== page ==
In addition MAN, Mercedes-Benz, Scania and Volvo are already making trucks and buses in this country, with Japan’s market leader, Hino, set to join the fray, which already includes the giant Chinese company Foton.
It is interesting to see the rapid growth in sales of Indian-sourced vehicles in South Africa as many of the big name brands begin to import product from subsidiaries in India. These include Toyota (Etios), Ford (Figo and EcoSport), Honda (Brio), Suzuki (Alto), Nissan (Micra and Almera), Volkswagen (Polo sedan/ Verito) and Hyundai (i10 and i20). The Renault Logan, Fiat Linea and Palio II had also been sourced from this Asian country until they were discontinued last year.
Then, of course, there are the major Indian companies Mahindra and Tata who source all their products from India. In the case of Mahindra this includes the Bolero, Genio, Scorpio SUV, Scorpio Pik-Up, Thar, XUV 5OO and Xylo, while Tata has an even larger portfolio, which consists of the B-line, Indica, Indica Vista, Indigo, Manza, Super Ace, Worker and Xenon.
These two companies, as well as the Maruti-Suzuki joint venture are also ranked among the top 10 most successful and influential companies in India. Sales of Indian-built vehicles in South Africa in the first six months of 2013 amounted to 31 013 units, which was an increase of 128% on the 24 146 units sold in the same period last year. By contrast, imports from India to SA in 2010 amounted to 15 518 units and then grew by 208% to 32 313 units in 2011 and then by a further 154% to 49 973 units in 2012.
The Toyota Etios (11 187 units) is far and away the biggest import from India in the first six months of 2013, with Ford bringing in 6 886 Figos so far this year and Nissan imported 2 721 Micras. Honda Brio imports of 1 858 units in the six-month period is sure to grow substantially following the recent launch of a sedan version.
Volkswagen also receives its Polo sedans from the Volkswagen plant in Pune, while Ford has just introduced the Indian-built EcoSport SUV to SA. Suzuki also imports its Alto model from India, with volume in the first half of 2013 totalling 627 units.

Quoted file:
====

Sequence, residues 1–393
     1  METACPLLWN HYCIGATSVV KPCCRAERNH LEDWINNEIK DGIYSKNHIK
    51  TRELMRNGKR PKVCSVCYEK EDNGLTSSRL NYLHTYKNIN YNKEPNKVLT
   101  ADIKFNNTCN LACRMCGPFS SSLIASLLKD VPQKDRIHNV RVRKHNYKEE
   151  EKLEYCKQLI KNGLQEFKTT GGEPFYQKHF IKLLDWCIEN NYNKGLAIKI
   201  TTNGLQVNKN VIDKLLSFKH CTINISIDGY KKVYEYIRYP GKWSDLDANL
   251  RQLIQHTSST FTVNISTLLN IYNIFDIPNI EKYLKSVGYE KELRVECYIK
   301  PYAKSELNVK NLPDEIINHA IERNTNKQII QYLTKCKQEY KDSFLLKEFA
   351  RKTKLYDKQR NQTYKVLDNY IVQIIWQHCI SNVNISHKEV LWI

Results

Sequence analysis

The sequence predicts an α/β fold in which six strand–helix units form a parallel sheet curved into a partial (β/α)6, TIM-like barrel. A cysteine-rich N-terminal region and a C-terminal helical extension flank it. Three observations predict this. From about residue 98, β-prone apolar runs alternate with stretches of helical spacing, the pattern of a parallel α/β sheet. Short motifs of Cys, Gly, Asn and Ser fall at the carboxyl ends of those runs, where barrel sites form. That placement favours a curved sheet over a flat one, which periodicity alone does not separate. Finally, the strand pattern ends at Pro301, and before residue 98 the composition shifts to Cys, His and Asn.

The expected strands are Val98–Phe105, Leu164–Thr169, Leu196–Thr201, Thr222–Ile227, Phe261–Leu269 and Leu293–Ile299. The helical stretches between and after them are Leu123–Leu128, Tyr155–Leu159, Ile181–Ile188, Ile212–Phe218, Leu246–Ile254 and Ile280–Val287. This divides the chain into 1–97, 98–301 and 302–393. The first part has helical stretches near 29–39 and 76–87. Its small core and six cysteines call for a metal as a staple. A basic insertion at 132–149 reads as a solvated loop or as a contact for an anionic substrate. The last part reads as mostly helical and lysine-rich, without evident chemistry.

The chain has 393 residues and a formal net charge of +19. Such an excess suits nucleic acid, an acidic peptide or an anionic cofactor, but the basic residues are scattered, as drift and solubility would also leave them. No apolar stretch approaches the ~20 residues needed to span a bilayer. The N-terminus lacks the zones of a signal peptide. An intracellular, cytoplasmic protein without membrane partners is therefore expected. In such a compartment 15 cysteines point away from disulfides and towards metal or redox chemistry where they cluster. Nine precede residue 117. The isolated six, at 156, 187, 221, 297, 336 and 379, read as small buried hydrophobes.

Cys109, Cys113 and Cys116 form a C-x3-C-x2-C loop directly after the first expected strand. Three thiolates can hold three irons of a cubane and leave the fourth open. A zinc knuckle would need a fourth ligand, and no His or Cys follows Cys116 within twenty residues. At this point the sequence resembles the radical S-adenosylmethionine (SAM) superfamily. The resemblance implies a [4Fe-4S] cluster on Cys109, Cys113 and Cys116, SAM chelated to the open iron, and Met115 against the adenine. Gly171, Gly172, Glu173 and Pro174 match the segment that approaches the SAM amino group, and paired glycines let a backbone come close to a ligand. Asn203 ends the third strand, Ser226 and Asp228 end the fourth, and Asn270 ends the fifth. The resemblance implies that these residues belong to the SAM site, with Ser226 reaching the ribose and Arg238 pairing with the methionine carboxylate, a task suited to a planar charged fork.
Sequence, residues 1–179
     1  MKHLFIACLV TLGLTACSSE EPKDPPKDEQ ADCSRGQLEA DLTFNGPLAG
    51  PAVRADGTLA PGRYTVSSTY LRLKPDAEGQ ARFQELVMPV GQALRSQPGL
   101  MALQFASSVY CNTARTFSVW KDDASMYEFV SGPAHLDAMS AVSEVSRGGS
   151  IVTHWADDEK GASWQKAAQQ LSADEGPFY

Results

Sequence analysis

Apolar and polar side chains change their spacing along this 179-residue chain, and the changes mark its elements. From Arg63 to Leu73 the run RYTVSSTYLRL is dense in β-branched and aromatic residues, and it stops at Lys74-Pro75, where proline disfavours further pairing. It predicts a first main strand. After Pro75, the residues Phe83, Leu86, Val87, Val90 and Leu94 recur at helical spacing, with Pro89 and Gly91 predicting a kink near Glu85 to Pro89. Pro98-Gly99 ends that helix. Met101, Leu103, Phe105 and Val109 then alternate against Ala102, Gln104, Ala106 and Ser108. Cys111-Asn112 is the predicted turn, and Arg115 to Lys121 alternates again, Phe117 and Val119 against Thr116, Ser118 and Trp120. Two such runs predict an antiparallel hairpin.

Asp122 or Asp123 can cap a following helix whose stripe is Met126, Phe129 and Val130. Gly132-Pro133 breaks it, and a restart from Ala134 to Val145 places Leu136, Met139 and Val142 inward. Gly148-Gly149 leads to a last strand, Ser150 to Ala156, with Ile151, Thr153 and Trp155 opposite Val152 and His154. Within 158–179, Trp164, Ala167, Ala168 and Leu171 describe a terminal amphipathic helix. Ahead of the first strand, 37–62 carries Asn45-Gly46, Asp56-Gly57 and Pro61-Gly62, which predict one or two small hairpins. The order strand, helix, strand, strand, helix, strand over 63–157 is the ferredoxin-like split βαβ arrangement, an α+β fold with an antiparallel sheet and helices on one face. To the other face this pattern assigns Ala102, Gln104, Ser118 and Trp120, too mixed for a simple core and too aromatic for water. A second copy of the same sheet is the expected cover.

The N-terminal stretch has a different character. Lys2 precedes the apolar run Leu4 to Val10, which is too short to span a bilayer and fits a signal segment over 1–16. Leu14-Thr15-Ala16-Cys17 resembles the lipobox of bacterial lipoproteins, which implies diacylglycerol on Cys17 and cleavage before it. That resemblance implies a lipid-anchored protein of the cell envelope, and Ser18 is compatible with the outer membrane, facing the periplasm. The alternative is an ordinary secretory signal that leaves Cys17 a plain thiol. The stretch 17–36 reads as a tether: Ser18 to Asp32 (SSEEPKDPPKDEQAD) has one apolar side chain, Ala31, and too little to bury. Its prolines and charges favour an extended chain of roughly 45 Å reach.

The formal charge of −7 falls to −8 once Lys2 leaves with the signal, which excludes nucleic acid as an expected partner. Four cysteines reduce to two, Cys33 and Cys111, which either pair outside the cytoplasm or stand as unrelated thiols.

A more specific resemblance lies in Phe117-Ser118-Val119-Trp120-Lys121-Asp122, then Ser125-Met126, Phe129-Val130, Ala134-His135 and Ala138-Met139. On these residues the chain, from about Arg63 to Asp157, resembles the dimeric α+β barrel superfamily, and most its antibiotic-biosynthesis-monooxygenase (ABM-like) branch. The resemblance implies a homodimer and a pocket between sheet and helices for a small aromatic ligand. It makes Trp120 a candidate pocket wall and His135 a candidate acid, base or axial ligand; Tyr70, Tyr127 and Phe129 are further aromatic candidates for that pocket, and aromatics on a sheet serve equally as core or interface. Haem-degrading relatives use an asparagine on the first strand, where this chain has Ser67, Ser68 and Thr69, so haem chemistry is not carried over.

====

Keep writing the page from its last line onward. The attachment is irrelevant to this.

Hyundai do not release details of their sales, but the figure for imports from India is certain to be substantial given the evident popularity of the i10 and i20 models on the roads of SA.
Sales by the major Indian manufacturers in SA in the first half of 2013 totalled 5 176 units, split between Tata (3 299 units) and Mahindra (1 877 units). Several new models are being launched in India first reflecting the growing significance of the market. Most multinational motor manufacturers initially sell in India before beginning exports.
However, the situation is different for Mahindra which has concurrently launched a new model in South Africa and India.
“This was the Mahindra XUV500 SUV, which was introduced locally just prior to the 2011 Johannesburg International Motor Show and at the same time was launched in the Indian domestic market,” explained Ashok Thakur. “This shows the confidence the Indian motor industry has in its ability to build world class vehicles, so that it is confident of launching in export markets at the same time as they are delivered to domestic buyers.”
Mahindra is confident about future growth and has confirmed plans to set up an entirely new automotive plant in India in the future. The company also has a world class Research and Development facility called the Mahindra Research Valley in south India, which is developing a new generation of products that are aimed at global markets.
India certainly seems to be developing into an important export base while also having the benefit of strong demand in the domestic market driven by the country’s strong growth rate.